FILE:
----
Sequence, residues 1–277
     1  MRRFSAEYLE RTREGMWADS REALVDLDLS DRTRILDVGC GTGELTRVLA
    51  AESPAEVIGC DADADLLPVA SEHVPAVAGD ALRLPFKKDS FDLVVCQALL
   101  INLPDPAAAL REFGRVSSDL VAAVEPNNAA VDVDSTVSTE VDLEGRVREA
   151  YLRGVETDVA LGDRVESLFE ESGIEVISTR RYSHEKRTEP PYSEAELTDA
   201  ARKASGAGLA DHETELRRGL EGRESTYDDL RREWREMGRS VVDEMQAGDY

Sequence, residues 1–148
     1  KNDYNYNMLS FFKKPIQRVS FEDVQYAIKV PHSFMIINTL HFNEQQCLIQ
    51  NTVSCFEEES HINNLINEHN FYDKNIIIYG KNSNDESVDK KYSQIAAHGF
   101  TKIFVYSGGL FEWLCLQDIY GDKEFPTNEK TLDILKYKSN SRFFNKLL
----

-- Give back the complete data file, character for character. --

Sequence, residues 1–277
     1  MRRFSAEYLE RTREGMWADS REALVDLDLS DRTRILDVGC GTGELTRVLA
    51  AESPAEVIGC DADADLLPVA SEHVPAVAGD ALRLPFKKDS FDLVVCQALL
   101  INLPDPAAAL REFGRVSSDL VAAVEPNNAA VDVDSTVSTE VDLEGRVREA
   151  YLRGVETDVA LGDRVESLFE ESGIEVISTR RYSHEKRTEP PYSEAELTDA
   201  ARKASGAGLA DHETELRRGL EGRESTYDDL RREWREMGRS VVDEMQAGDY

Sequence, residues 1–148
     1  KNDYNYNMLS FFKKPIQRVS FEDVQYAIKV PHSFMIINTL HFNEQQCLIQ
    51  NTVSCFEEES HINNLINEHN FYDKNIIIYG KNSNDESVDK KYSQIAAHGF
   101  TKIFVYSGGL FEWLCLQDIY GDKEFPTNEK TLDILKYKSN SRFFNKLL